Sleeplessness Drains Our Power Part Two

Thoughts at 2 a.m. on another sleepless school night, some years back:

 Oh no! Didn’t print those worksheets! Gotta get there early tomorrow.  Have I got enough rubrics left from last year?  Shoot! Left that folder in the computer lab.  Did I e-mail Bob my state standards action list yet?  GOT to get some sleep.  What to say to Billy’s mom tomorrow.  Poor kid.  Grades tanked after Dad left.  Man, I’ve reeeeeeaaaaaallly got to get some sleep!!!!

When I returned to teaching high school some years ago, I slept an average of 4-5 hours each night for about four months.  As with many careers, at the end of the day, my brain overflowed with unfinished business. I lived in high anxiety trying to up my teaching game to match the current expectations which changed profoundly during my years in a different career.  Exhaustion and a short fuse became my norm.  Ever been through a season like that or maybe that’s a norm for you?

Did you know chronic sleep deprivation like this creates some disturbing psychological effects like memory loss and a loss of ability to evaluate risk?  It also affects the part of the brain related to paranoia and fear.    In other words, the more you stay awake pondering stuff and trying to solve problems, the more stressed out you’re going to feel!  God fashioned us to sleep about 8 hours out of every 24.  When we live outside our bodies’ built in expectations long term, we create new problems.

Life can deliver some walloping blows to our state of mind and ability to rest.  Grief, financial setbacks, divorce, rebellious children, job loss, pressures at work and other momentous events can hit our minds with hurricane force, keeping us churned up inside for extended periods of time.  Even positive changes, like moving to a different house, starting a new job or bringing an infant home can create sleep-robbing anxiety.  Here’s the great news; believers are given access to unimaginable resources to ensure that sleeplessness is a temporary season, not a lifestyle.   Here’s some of my favorites when I’m tempted to fix my life between 2-4 a.m.

  • “Come to me all you who are weary and burdened and I will give you rest.” 11:28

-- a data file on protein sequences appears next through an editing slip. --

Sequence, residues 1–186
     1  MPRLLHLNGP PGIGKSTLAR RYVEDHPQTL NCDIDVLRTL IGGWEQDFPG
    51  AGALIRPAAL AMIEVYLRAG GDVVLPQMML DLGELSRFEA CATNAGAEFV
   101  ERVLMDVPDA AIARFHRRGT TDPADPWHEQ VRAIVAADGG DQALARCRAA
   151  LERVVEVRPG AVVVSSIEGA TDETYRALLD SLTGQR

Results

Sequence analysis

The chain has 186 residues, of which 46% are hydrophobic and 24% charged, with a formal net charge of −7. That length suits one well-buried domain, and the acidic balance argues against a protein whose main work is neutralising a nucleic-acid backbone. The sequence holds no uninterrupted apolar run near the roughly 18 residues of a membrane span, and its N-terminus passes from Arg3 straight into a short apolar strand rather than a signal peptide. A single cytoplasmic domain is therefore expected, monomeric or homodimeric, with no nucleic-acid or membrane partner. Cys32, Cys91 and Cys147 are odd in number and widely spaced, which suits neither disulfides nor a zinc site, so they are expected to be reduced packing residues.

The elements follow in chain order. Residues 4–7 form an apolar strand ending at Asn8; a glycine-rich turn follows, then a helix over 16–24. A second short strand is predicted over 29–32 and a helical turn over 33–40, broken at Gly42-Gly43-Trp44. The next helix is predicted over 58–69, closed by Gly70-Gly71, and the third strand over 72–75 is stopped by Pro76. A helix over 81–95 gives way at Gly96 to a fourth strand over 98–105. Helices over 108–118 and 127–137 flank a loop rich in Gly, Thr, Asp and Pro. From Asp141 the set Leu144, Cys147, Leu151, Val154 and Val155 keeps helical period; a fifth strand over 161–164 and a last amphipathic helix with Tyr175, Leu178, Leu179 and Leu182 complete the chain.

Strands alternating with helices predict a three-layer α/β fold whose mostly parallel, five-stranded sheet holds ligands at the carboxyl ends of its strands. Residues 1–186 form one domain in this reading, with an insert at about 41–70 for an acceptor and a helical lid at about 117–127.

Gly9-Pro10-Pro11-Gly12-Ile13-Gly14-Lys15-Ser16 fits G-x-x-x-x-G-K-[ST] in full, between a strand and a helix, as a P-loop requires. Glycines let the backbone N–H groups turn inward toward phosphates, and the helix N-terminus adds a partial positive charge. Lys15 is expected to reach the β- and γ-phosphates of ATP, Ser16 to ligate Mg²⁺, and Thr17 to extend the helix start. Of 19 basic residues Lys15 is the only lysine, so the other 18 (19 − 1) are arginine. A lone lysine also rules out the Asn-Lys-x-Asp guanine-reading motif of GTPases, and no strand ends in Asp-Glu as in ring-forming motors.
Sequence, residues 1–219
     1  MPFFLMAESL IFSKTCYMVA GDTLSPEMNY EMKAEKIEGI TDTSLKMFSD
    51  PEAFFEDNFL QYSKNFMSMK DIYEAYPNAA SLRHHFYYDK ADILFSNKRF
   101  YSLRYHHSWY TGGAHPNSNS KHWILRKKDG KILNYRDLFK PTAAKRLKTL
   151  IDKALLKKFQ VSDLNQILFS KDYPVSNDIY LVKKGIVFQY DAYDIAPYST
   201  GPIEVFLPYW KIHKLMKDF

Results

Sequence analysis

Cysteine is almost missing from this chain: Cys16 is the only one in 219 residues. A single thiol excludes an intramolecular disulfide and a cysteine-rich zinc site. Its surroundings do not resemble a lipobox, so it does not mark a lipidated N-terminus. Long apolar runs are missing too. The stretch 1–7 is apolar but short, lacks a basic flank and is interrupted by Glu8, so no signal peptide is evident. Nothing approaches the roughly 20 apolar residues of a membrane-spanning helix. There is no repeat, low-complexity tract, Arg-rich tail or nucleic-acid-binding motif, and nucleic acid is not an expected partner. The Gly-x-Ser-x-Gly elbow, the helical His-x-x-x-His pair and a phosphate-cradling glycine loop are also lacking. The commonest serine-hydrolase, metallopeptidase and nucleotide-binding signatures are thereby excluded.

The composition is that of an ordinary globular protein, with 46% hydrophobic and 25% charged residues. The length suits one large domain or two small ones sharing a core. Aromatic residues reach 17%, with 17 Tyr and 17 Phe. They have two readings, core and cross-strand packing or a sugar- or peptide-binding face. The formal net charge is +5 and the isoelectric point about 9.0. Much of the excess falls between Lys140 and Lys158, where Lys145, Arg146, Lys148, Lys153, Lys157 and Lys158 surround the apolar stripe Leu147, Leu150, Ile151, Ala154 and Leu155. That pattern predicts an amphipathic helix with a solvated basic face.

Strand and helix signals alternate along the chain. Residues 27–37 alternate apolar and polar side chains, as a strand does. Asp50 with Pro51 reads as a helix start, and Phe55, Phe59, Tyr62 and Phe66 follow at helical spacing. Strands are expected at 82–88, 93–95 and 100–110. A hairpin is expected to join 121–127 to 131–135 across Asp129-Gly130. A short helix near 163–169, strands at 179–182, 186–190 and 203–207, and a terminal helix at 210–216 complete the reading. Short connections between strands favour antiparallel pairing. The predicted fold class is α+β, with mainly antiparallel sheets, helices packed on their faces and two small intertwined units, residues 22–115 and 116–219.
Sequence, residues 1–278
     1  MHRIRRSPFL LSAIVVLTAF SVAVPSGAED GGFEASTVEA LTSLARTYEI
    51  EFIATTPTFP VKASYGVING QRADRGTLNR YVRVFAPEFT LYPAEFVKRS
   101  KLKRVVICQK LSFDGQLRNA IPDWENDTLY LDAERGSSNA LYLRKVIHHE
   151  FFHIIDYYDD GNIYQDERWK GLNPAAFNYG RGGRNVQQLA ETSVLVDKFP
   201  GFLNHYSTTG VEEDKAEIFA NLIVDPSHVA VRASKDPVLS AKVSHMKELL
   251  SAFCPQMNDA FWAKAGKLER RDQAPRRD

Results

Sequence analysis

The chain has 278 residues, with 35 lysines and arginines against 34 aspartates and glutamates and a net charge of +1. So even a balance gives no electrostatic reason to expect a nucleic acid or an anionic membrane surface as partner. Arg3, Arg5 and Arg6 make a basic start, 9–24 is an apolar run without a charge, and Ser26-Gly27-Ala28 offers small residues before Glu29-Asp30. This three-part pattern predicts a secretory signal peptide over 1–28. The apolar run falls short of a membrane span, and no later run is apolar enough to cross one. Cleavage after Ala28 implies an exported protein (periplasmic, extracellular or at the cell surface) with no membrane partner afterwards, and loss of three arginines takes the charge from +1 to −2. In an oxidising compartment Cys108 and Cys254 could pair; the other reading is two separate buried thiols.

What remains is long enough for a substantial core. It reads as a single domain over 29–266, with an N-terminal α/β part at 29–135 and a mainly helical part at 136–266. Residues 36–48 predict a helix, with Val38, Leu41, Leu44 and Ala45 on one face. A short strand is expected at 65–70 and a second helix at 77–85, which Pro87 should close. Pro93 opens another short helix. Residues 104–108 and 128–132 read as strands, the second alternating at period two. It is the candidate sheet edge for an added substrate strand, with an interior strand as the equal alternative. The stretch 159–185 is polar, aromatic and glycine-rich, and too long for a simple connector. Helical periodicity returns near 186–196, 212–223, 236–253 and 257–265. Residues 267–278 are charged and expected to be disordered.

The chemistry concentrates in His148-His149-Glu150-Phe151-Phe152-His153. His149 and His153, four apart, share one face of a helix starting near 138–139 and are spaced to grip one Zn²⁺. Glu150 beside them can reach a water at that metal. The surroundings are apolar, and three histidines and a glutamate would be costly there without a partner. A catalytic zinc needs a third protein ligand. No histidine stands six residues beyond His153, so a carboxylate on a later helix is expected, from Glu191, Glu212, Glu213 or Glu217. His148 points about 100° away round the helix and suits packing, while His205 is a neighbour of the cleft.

This open-ended invitation from our Savior paints a word picture in my mind of me burying myself against Jesus’ chest with his arms wrapped around me. Verse 29 describes Jesus teaching us how to bear up under life’s loads.  This comes from the One who carried the load of his own impending death with Him probably most of his adult life.  No one understands your burdens better than Jesus.


  • “Cast all your anxiety on him because he cares for you.” I Peter 5:7

In the Greek, the word “cares” is the same one used to describe someone who gives great care to an object, like a gardener, who lovingly, skillfully tends his landscape.  That’s how it is with us and Jesus.  He who created us, knows best how to tend to us.  Thanks to the truth of this verse, when I feel overly stressed, I picture myself putting everything I’m worried about into a backpack.  I then hand it over to Jesus.  Sometimes I need to do this repeatedly to convince my soul that I can go to sleep and Jesus will take care of my stuff.


  • “You will keep in perfect peace those whose minds are steadfast, because they trust in you.” Isaiah 26:3.

I now recognize when my mind wants to drift into my old patterns and spin itself silly at bedtime, trying to sort out something in my life.  I’m so thankful the Holy Spirit shares his fruit with me, particularly self-control.  When the spin starts, I use it to re-direct my mind to a place of thankfulness, reviewing times when God solved similar problems for me or other folks.  I thank him for being in situations ahead of me and mopping up messes behind me.  I acknowledge His power, wisdom and provision for this situation.  Finally, I speak to my soul and say something like, “I can’t fix or change this right now, but God is on it and I trust Him completely.”  A churning mind makes a churning body because you are not sending messages of rest and quiet to your body systems.  After I speak to my soul, I take deep, calming breaths while reviewing mentally other verses about rest and peace.


These are some of the strategies that help me go from counting sheep to living like one, safe, quiet and at rest in the arms of her Good Shepherd.


What are your ideas and favorite verses for sleepless nights?  Would you share some of them on my Facebook page so that other blurry-eyed brothers and sisters might find some encouragement?


Becoming Fit and Fearless

Thoughts swirled in my head just like the snow outside my bedroom window.  “How dare she speak to me like that! Who does she think she’s talkin’ to?”  My snarky inner Sharon reviewed an ugly conversation with a contentious church member.  I spent the next three hours pondering all the things I wished I said to her before I finally fell into an exhausted sleep.

What are we gonna do?  We can’t just keep using credit cards.”   I remember this little thought spiral keeping me sleepless on many hot nights, one summer, before God opened a door on a great-paying, wonderful career opportunity for my husband.